How to Explain Menstruation
Women take menstruation as a matter of course, although it’s an unpleasant and usually painful part of life. Knowing the process your body goes through during this cycle may give you new respect for your body’s ability and flexibility. At birth a girl’s body contains approximately 450,000 eggs, more than she’ll ever need for her entire life. When a girl reaches puberty, the cycle of releasing these eggs begins.
Note that for most females the menstrual cycle begins approximately at the age of 12 and lasts for an average of 28 days. The menstrual cycle begins on the first day of what women usually call their “period.” It usually announces its arrival with abdominal cramps, bloating, irritability, headaches and other symptoms.
Understand how the cycle begins. The eggs are kept in the ovaries in sacs called follicles. The lining of the uterus thickens during the follicular stage because of an increase in the amount of estrogen–a hormone produced by the ovaries in women and the testes in men. This thickening prepares the uterus for a possible pregnancy.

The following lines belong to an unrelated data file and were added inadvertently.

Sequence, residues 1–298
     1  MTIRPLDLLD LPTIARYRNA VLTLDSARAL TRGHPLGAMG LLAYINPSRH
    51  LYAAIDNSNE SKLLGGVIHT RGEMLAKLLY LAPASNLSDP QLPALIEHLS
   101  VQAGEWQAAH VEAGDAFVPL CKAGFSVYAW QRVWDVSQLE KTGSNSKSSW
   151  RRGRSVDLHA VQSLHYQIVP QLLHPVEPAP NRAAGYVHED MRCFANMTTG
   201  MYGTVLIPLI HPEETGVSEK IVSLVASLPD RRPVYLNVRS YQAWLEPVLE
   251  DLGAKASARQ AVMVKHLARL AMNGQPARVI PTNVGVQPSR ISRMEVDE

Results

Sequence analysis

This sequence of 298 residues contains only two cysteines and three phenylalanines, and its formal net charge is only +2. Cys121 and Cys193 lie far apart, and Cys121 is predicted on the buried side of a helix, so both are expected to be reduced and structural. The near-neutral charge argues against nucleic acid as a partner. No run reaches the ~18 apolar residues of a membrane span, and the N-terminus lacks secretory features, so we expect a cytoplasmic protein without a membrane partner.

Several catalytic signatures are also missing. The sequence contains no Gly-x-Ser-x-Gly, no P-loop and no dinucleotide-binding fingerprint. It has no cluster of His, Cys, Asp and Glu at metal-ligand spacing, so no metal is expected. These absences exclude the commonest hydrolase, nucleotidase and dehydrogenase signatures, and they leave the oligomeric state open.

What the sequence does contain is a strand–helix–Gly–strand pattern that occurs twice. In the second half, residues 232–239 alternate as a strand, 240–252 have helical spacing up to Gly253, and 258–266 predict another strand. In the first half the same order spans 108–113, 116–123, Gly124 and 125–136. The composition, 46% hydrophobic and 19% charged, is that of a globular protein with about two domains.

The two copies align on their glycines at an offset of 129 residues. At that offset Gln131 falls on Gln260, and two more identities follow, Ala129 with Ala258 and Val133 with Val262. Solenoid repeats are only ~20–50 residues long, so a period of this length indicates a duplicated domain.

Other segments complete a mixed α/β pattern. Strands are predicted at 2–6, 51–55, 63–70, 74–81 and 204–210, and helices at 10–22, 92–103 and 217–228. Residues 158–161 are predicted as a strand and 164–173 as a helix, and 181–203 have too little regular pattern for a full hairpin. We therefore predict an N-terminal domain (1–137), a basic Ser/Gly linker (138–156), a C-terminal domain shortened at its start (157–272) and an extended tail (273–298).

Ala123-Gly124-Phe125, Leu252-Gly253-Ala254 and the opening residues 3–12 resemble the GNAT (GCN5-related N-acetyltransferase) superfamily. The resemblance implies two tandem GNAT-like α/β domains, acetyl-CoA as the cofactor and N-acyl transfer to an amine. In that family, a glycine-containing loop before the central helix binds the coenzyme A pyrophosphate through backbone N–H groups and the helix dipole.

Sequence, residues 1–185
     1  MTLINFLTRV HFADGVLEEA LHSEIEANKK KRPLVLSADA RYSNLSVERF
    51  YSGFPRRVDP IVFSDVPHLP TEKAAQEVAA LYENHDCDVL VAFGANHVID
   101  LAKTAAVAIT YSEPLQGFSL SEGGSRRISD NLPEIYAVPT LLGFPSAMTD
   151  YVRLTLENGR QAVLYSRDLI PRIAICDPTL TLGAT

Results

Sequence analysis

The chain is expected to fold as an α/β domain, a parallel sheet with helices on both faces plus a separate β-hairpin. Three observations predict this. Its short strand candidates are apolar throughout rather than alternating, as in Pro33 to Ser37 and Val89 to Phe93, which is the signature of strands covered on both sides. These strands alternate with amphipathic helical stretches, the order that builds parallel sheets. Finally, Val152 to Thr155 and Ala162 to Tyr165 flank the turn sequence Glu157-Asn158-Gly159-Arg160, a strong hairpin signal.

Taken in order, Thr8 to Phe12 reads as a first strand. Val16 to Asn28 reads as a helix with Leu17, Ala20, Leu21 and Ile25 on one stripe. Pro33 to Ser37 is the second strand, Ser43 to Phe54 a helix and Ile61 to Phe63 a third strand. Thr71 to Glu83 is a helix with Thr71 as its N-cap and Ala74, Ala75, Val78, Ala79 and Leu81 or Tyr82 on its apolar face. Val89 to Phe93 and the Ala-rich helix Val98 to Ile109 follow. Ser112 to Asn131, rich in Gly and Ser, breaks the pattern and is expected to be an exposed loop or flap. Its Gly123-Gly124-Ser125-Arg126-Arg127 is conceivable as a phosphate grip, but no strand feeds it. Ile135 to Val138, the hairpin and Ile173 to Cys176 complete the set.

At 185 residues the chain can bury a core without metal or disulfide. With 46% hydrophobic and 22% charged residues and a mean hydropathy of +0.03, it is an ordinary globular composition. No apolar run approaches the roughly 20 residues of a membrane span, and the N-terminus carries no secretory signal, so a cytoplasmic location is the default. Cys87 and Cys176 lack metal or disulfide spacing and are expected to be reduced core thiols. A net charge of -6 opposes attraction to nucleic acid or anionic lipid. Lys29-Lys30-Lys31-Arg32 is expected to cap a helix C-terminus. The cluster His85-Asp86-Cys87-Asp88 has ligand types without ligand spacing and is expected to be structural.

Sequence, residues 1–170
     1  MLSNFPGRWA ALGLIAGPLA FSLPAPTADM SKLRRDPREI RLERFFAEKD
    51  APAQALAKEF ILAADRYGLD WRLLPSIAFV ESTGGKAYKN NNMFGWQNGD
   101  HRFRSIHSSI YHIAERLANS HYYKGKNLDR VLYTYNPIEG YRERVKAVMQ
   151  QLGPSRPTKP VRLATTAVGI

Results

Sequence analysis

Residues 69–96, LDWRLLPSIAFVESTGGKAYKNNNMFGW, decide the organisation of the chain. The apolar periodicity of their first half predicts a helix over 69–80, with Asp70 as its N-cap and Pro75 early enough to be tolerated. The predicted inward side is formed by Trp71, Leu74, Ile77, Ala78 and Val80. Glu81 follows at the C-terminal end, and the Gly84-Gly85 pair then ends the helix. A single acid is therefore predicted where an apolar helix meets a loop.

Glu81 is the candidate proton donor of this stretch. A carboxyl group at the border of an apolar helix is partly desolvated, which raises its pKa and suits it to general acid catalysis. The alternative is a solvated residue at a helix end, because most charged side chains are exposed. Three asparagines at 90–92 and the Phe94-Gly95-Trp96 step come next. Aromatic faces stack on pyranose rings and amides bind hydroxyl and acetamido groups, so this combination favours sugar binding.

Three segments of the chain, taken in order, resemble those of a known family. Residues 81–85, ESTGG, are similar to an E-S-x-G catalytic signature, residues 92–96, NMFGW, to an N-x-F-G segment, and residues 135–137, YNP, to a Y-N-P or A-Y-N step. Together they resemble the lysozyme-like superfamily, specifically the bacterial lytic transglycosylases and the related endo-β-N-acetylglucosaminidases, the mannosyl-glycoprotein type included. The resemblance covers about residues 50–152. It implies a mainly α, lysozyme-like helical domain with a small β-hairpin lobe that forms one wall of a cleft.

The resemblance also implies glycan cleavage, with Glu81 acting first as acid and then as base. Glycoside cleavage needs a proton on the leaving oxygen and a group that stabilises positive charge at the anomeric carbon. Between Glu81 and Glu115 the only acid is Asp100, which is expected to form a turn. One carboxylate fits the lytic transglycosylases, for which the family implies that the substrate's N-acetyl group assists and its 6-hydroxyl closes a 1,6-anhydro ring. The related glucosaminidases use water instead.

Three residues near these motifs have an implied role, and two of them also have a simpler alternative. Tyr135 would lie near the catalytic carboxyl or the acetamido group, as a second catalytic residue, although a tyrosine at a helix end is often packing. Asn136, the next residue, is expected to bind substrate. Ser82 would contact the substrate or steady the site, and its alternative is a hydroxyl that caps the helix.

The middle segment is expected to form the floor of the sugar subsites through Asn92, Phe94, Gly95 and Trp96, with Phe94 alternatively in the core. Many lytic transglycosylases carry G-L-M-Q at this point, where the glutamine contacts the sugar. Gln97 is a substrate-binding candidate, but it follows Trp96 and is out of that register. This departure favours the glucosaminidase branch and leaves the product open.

Take note the follicles in the ovary begin to develop due to the influence of hormonal interplay. After several days 1, or rarely 2, follicles become predominant and the others die off. The remaining follicle releases an egg (ovum) and this is called “ovulation.” If fertilization of the egg does not occur within 1 to 3 days of ovulation it will die and be absorbed by the woman’s body.
Consider what happens if the egg is fertilized by spermatozoon. The blood supply increases and brings the fallopian tubes and ovaries closer together to allow the embryo to enter a fallopian tube. It then begins a two-week trip through the fallopian tubes into the uterus and is implanted. This is how a woman becomes pregnant.
Prepare for menstruation if the egg is not fertilized. After the process of ovulation, dominant follicles in the ovary become a mass of yellow cells (corpus luteum) which produce large quantities of the hormone progesterone to prepare the uterus for the possible implantation of an embryo. In 2 weeks this mass of cells dies if pregnancy has not occurred.
Realize that, when the corpus luteum dies, this causes a drastic drop in progesterone and estrogen levels, making the uterus shed its lining. This is called “menstruation.” The blood and tissues travel through the cervix and leave the body through the vagina. This process continues throughout a woman’s life until she goes through menopause.